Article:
In Burgess and Neugebauer U.S. Pat. No. 3,744,120, "DIRECT BONDING WITH METALS WITH A METAL-GAS EUTECTIC", issued Jul. 10, 1973, a metal member, such as copper, is placed in contact with another metal member, such as nickel, and the metal members are heated to a temperature slightly below the melting point of the lower melting point metal. The heating is performed in a reactive atmosphere, such as a slightly oxidizing atmosphere, for sufficient time to create a metal-gas eutectic melt which, upon cooling, bonds the metal members together. The patent describes various metals (e.g., copper and stainless steel) and reactive gases (i.e., oxygen) that are useful for such bonding. In Burgess and Neugebauer U.S. Pat. No. 3,911,553, "METHOD FOR BONDING METAL TO CERAMIC", issued Oct. 14, 1975, the patentees disclose methods for bonding a metal to a ceramic and, in particular, an improved method for bonding a metal to a ceramic employing a eutectic melt of the metal. A copper sheet, for example, is first surface-treated to produce a layer with which the copper forms a eutectic, notably copper oxide. Thereafter, the bond is acquired similar to the fashion disclosed in U.S. Pat. No. 3,744,120.
Jochym U.S. Pat. No. 4,409,278, issued Oct. 11, 1983 for "BLISTER-FREE DIRECT BONDING OF METALS TO CERAMICS AND METALS", teaches a method for obtaining large-area, blister-free assemblies of direct-bonded metal to a ceramic or metal substrate by providing venting channels in the metal-substrate interface and is therefore worthy of mention in discussions of the direct-bonded metal-to-ceramic substrate or metal-to-metal substrate art. Kuneman et al.,in U.S. Pat. No. 4,563,383, issued Jun. 7, 1986, teach bonding of ceramic (alumina)-to-metal by establishing a copper oxygen eutectic between the layers of ceramic. (The laminated or sandwich structure is noted here for the techniques employed to acquire bending stress equalization). Kuneman et al., as well as Jochym and the two Burgess et al. patents, are hereby incorporated by reference. The aforementioned Webster et al. application Ser. No. 454,547 relates even more directly to the field of metal bonding, particularly direct bonding, than the patents discussed above. The art most relevant to the present invention, as detailed in the foregoing discussion, is thus believed to be mostly metal-on-metal cladding and ceramic substrate sandwiching, along with the considerations which must be given to dealing with stress factors within the clad or sandwiched articles caused by uneven or unconstrained thermal expansion. For this reason, thermal expansion, a causative factor in the delamination of laminates in which the various strata or lamina have disparate temperature coefficients of expansion (TCE), shall be seen to be of paramount consideration in the remainder of this disclosure.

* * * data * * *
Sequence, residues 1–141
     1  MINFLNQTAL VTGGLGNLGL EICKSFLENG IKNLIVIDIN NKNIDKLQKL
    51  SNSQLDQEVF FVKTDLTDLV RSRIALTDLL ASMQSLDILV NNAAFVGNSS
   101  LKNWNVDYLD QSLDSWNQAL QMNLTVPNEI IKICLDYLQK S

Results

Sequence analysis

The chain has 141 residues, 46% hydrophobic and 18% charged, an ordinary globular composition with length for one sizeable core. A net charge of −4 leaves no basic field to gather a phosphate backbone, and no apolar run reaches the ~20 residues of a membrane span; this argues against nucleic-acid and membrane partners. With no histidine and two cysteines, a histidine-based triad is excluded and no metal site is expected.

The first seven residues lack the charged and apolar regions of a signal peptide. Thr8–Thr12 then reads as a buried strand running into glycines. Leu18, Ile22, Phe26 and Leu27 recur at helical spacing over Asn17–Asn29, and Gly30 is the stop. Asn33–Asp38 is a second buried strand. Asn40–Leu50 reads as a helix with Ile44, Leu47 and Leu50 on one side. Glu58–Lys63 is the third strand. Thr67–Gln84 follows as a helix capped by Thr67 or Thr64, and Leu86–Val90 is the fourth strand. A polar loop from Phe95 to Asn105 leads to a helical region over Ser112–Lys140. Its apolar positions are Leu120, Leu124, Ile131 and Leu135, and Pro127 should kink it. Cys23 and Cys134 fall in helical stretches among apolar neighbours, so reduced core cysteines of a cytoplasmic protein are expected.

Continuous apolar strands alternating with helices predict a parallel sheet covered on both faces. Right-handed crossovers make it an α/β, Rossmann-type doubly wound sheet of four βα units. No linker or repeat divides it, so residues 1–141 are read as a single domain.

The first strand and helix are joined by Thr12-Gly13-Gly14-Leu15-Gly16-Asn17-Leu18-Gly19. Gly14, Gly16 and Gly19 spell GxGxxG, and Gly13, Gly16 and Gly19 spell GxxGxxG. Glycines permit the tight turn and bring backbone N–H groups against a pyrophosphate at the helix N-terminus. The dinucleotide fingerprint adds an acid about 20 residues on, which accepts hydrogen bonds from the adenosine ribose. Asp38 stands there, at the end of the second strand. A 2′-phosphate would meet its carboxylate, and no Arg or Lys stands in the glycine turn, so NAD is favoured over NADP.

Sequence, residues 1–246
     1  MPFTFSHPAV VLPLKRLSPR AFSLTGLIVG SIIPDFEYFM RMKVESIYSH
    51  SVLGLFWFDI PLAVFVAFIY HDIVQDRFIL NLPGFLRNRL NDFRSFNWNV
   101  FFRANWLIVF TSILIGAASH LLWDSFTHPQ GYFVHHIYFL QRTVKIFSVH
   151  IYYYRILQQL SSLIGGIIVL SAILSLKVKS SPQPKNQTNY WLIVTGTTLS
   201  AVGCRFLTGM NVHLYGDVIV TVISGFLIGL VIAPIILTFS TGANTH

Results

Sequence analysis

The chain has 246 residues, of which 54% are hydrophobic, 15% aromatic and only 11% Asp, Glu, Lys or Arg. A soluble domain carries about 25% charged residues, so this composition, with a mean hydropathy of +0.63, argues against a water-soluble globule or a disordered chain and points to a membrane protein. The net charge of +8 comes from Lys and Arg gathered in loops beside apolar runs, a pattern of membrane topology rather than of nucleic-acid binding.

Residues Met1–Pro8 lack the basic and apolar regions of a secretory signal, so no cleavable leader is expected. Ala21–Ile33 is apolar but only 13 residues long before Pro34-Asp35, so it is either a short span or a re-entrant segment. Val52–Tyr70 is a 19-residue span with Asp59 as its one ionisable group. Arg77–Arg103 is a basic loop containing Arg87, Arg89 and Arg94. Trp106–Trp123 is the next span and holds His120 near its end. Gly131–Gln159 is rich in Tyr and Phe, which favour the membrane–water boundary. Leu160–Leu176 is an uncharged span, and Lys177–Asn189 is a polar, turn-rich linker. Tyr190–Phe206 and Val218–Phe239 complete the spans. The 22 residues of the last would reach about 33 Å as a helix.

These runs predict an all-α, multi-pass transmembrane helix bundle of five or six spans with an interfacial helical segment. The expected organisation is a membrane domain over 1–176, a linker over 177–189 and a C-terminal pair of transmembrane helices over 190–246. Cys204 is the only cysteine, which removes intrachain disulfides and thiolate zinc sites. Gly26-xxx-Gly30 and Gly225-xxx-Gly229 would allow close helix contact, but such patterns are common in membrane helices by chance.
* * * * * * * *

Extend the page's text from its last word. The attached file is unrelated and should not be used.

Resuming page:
One object of the invention is to provide an integrated heat sink that includes a common electrode for a plurality of semiconductor devices.
Another object is to provide a semiconductor power module including a heat sink wherein a portion of the heat sink serves as a common electrode for semiconductor devices that are soldered thereto.
Another object is to provide a semiconductor power module including a heat sink wherein a portion of the heat sink that serves as a common electrode for semiconductor devices is situated in direct contact with a cooling fluid.
Another object is to provide a semiconductor power module including a common cathode that is integrated with a fluid conduit through which a heat exchange fluid is passed to remove heat from the common cathode.
In a semiconductor power module, heat sink enhancements are achieved by providing a common electrode (hereinafter "cathode") to which IGBTs, diodes or MCTs are soldered and with which an environmental dispersion medium (the "environmental sink") interfaces directly. The number of thermal barriers between the chip bases and the ultimate cooling medium is minimized while the heat sink is reduced in weight and constitutes means for exchanging heat with or to the environmental sink. For purposes of this disclosure, and as is generally accepted in the art, the environmental sink is the ultimate cooling medium and may be a gas, liquid or solid. In the present invention, the common cathode, which serves as the standard base plate for one or more devices or modules, is integrated (i.e., combined) with a fluid conduit so that the only barrier between the solid state device base and the environmental sink is the cathode itself and, since the cathode is a common base, the base of the devices thus conveys most of the generated heat directly to the environment.